Originals

NSA snooping: Necessary defensive tool, or time for a revolution?

A Rare Editorial | Posted on

The fleeing man’s whereabouts are unknown. What fate should befall him when he pops up is an open question depending on whom you ask. “Hero. Traitor. Whistle-blower. Spy. What to call NSA Leaker Ed Snowden?” asked ABC News on Monday night. The battle lines are being drawn in the scandal over the National Security Agency (NSA) vacuuming up private information on millions of ordinary, everyday Americans. Unlike most controversies in the nation’s capital, the belligerents in this showdown don’t fall into predictable partisan camps.

Liberal California Sen. Dianne Feinstein sounds outright hawkish when she declares of Mr. Snowden that, “What he did was an act of treason,” and insists of the NSA activities, “It’s called protecting America.” This is novel positioning for a senior member of her party. In recent decades, Democrats have typically defended those who divulged government secrets at the expense of defense and intelligence operations, and that is still – for the most part – true. Today, however, the lion’s share of overt intra-party division on the leaking issue is on the Republican side of the aisle.

The NSA revelations have various factions of the conservatarian coalition twisted up like a pretzel. On one side of this argument are the civil libertarians, a rapidly growing constituency in the modern GOP. Its most articulate spokesman is Sen. Rand Paul, the rising star from Kentucky, who has the added pedigree of being the son of recently retired longtime Texas Rep. Ron Paul, the idealist who put libertarianism on the political map. “We fought a revolution over issues like generalized warrants, where soldiers would go from house to house, searching anything they liked,” Sen. Paul wrote this week in The Wall Street Journal. “Our lives are now so digitized that the government going from computer to computer or phone to phone is the modern equivalent of the same type of tyranny that our Founders rebelled against.” The senator has vowed to challenge NSA practices all the way to the Supreme Court.

On the other side of the security fence are pragmatic, establishment Republican leaders such as House Speaker John Boehner, who has called Mr. Snowden “a traitor,” and Michigan Rep. Mike Rogers, chairman of the House Intelligence Committee. “The problem with this is, if you tell our adversaries and enemies in the counterterrorism fight exactly how we conduct business, they are not going to do business the same ever again. It makes it more difficult [for us],” Mr. Rogers said on Sunday. “Taking a very sensitive classified program that targets foreign persons on foreign lands, and putting just enough [information] out there . . . it’s dangerous to our national security and it violates the oath which that person took.” No doubt about that.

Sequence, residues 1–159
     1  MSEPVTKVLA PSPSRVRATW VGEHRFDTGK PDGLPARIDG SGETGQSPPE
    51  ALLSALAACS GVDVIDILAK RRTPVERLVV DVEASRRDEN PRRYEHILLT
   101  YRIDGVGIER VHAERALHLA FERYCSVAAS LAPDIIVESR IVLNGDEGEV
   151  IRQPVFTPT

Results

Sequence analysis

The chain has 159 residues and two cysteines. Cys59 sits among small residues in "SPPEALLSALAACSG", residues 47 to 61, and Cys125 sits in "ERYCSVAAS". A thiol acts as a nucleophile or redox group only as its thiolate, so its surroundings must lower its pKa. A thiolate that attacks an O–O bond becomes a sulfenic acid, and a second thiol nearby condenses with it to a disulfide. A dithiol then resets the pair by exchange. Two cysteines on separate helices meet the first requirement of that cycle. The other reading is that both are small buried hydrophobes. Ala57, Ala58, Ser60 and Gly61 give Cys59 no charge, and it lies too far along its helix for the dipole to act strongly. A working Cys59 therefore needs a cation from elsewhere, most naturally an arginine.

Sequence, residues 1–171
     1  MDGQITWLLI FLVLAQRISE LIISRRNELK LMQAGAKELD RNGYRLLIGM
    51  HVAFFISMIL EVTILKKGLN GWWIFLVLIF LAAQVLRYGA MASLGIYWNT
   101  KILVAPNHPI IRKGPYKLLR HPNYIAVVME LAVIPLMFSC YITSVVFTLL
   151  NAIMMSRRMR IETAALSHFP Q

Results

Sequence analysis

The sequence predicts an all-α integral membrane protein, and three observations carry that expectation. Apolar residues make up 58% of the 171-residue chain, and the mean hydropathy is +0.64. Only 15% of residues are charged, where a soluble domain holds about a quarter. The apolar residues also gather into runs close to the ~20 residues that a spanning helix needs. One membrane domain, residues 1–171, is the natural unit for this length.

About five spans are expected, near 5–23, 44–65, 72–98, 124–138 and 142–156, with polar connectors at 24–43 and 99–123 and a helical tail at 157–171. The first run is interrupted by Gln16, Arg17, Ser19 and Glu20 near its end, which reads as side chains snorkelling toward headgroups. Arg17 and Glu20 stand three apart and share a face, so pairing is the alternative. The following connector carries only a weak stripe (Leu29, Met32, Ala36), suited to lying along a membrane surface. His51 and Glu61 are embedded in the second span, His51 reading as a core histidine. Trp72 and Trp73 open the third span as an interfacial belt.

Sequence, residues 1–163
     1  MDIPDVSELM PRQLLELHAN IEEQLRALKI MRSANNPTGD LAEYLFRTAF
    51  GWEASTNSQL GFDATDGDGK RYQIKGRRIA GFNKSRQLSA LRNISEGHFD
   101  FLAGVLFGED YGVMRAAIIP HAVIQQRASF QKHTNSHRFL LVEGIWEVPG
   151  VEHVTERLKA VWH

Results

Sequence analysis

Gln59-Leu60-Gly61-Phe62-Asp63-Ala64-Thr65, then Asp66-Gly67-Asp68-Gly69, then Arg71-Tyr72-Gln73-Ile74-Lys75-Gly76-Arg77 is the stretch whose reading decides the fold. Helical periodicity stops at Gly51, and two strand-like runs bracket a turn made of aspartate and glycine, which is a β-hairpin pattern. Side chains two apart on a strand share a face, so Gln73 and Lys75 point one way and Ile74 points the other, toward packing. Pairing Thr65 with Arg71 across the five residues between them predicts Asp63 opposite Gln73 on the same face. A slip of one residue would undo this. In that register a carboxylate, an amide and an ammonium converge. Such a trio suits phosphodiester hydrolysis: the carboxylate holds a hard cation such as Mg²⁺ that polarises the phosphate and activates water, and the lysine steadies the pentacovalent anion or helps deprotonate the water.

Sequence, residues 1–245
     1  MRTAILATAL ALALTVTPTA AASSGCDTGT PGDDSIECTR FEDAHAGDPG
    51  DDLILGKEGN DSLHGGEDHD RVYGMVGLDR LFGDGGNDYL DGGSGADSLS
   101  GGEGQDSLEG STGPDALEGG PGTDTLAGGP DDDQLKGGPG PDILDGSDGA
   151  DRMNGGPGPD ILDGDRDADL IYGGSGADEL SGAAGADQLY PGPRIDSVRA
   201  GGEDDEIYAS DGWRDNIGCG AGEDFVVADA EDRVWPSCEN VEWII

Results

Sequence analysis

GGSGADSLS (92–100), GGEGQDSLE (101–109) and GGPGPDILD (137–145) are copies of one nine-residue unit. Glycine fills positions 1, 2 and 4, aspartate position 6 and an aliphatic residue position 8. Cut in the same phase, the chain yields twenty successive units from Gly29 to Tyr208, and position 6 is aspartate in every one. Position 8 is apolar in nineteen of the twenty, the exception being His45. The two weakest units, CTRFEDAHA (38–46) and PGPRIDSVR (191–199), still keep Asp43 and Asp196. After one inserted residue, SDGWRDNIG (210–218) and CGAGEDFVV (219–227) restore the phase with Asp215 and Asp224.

We at Rare enjoy a snicker when the left suffers intra-family squabbles, such as when blue-collar labor unions duke it out with snooty environmentalists over industrial policy. The NSA leak case is no laughing matter, however, and the right is pitted against itself when it needs to put up a unified front for the national interest. Fortunately, there is common ground that can bring elephants together – and that is accountability. Both sides of the conservative-libertarian debate want to defend freedom and are generally supportive of checks on government power. Edward Snowden, whether inappropriately or not, has exposed what many are characterizing as a secretive shadow government apparatus operating outside of the constitutional system of checks and balances. Certainly Congress can put some limits and controls on the excesses of the executive branch.

Now there is the messy business of what to do about the unfortunate Mr. Snowden, who Politico brilliantly tagged as “the slacker who came in from the cold.” It wouldn’t be a surprise if he simply disappeared at the hands of “the dark side” of the cloak-and-dagger intelligence fraternity, as Rare Deputy Editor Jim Robbins set forth in his article, “Will Obama put out a hit on the NSA leaker?” But if the mole manages to emerge into the light of day, what next? You tell us what should happen to NSA leaker Edward Snowden by taking today’s Rare Poll.

Written by Editor-in-Chief Brett M. Decker for the Rare Editorial Board

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